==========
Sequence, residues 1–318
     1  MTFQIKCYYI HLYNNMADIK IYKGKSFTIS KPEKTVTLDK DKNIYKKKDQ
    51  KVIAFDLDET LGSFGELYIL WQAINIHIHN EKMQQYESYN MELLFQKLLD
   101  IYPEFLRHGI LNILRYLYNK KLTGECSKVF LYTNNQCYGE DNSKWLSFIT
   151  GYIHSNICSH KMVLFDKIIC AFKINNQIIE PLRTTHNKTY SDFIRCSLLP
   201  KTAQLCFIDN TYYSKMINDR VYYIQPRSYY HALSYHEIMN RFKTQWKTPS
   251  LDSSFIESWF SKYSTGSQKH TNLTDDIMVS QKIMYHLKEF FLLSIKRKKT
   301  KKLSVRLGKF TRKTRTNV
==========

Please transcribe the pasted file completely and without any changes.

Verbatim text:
Sequence, residues 1–318
     1  MTFQIKCYYI HLYNNMADIK IYKGKSFTIS KPEKTVTLDK DKNIYKKKDQ
    51  KVIAFDLDET LGSFGELYIL WQAINIHIHN EKMQQYESYN MELLFQKLLD
   101  IYPEFLRHGI LNILRYLYNK KLTGECSKVF LYTNNQCYGE DNSKWLSFIT
   151  GYIHSNICSH KMVLFDKIIC AFKINNQIIE PLRTTHNKTY SDFIRCSLLP
   201  KTAQLCFIDN TYYSKMINDR VYYIQPRSYY HALSYHEIMN RFKTQWKTPS
   251  LDSSFIESWF SKYSTGSQKH TNLTDDIMVS QKIMYHLKEF FLLSIKRKKT
   301  KKLSVRLGKF TRKTRTNV